Introduction To Bitcoin Ⅰ

Bitcoin, founded in 2009 by an anonymous developer under the alias “Satoshi Nakamoto,” is the first distributed currency and payment platform to achieve widespread adoption. No central authority or bank controls the value of bitcoin because it is managed and owned by its users on a peer-to-peer basis.

What Is Bitcoin?

Bitcoin is a novel form of digital currency that can be kept, traded, and spent in the same ways traditional currencies can. Bitcoin’s opt-in methodology and decentralized structure are essential to its differentiation from currencies such as the Dollar, Euro, and Yen. Central banks issue currency in a system known as “fiat money” (meaning “money via decree”), where everyone is compelled to utilize the currency of their nation. Unless paying in cash is a dying method, most financial dealings today occur through banks or electronic payment processors.

On the other hand, Bitcoin is a currency whose value is determined by the ‘agreement’ of its users rather than by any central authority. It comprises a community of users who have agreed to follow the Bitcoin system rules freely and are eager to see it develop. They conduct peer-to-peer interactions and value storage without needing a central authority, a financial institution, or a firm. As a result, Bitcoin users can transact without seeking approval from any central authority and without worrying about being disconnected from the network. Also, because the system is not centralized and is used worldwide, it is powerful and can’t be hacked by fraudsters.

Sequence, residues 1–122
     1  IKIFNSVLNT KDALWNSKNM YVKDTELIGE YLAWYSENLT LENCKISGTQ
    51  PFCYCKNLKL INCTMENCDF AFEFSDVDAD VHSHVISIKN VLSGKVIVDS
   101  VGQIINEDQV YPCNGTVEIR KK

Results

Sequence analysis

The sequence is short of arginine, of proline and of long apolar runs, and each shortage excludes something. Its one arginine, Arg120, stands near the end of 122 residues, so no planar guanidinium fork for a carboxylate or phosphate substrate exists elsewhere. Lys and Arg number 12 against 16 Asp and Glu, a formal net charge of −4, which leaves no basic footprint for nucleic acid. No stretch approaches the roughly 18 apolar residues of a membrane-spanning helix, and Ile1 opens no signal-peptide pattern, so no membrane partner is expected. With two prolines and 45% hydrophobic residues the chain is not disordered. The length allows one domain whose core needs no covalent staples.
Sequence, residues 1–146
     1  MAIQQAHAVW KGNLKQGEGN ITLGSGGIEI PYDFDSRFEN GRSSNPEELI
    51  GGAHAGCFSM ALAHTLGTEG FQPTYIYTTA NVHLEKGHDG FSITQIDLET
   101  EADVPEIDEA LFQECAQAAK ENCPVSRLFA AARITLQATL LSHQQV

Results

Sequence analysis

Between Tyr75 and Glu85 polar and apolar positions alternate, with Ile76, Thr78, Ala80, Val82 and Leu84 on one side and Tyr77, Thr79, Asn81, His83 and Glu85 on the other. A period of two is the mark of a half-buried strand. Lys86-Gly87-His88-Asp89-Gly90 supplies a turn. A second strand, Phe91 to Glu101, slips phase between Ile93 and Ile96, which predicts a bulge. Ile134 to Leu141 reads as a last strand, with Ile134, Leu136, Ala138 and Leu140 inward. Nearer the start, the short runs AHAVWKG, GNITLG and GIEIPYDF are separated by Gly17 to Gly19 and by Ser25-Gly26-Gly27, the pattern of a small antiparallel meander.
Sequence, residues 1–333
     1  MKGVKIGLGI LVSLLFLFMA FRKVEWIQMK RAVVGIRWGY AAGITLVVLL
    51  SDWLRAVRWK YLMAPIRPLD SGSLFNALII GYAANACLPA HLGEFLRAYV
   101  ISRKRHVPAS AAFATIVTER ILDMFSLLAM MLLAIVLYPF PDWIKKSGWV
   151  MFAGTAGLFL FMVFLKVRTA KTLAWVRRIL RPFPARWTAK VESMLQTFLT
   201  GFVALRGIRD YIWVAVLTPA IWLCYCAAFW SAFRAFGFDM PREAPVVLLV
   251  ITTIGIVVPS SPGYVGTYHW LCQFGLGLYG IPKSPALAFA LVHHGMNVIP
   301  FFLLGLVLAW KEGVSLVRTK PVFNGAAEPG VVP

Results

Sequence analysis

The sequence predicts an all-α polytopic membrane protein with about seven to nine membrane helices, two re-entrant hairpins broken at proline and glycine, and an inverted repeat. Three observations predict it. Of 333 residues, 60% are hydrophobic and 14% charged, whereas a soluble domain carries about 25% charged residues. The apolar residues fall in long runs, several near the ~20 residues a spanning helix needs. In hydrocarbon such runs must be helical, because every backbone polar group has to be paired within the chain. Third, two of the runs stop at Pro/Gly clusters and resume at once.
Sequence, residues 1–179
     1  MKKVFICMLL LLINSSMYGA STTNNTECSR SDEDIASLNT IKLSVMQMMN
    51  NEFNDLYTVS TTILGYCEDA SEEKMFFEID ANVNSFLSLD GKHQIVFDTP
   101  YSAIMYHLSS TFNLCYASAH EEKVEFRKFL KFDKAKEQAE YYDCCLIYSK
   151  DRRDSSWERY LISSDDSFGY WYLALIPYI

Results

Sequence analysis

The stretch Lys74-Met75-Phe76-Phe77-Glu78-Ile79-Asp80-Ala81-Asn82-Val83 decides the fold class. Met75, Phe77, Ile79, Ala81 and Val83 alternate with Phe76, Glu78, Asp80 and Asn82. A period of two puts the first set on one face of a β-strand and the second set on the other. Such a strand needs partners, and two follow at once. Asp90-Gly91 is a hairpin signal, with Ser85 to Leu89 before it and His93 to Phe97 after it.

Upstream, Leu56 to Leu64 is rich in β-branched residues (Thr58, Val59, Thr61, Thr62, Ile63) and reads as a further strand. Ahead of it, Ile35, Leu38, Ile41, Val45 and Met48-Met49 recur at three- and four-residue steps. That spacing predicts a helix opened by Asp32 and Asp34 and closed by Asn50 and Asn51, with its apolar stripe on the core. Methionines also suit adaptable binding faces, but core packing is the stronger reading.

Brief History Of Bitcoin

The Bitcoin protocol was first described in a white paper released in 2008 and was written by an unknown person using the codename Satoshi Nakamoto. No one knows the author’s genuine identity, and whether a single individual or a group did the writing which  is strange.

On January 3, 2009, Bitcoin network creator Satoshi Nakamoto mined the first block. This first block includes a lasting reminder of the economic conditions (bank bailout and a controlled financial sector) that inspired Bitcoin’s creation.

The name “Genesis Block” was given to the first block mined, which produced 50 bitcoins. Before this point, Bitcoin had almost no value for the initial months of its existence. However, in April 2010, six months after its introduction to the market, one bitcoin was worth slightly more than 15 cents. The price soared to 56 cents in early November and then settled at about 26 cents.

The bitcoin price increased substantially from January 2016 to January 2017, from $435 to $996. In addition, Bitcoin’s software was updated in July 2017 to support the distributed system better and increase security. Approximately $2,700 was exchanged for Bitcoin shortly after the upgrade went live in August. Bitcoin’s price hit a record high of under $20,000 on December 17, 2017.

How Is Bitcoin Created?

Bitcoin miners receive newly created Bitcoins automatically from the Bitcoin network whenever a new block is added to the bitcoin blockchain. The program will automatically stop issuing new coins when the total number of circulating bitcoins hits 21 million. Bitcoin mining serves as both the mechanism by which transactions are verified and how new bitcoins are created.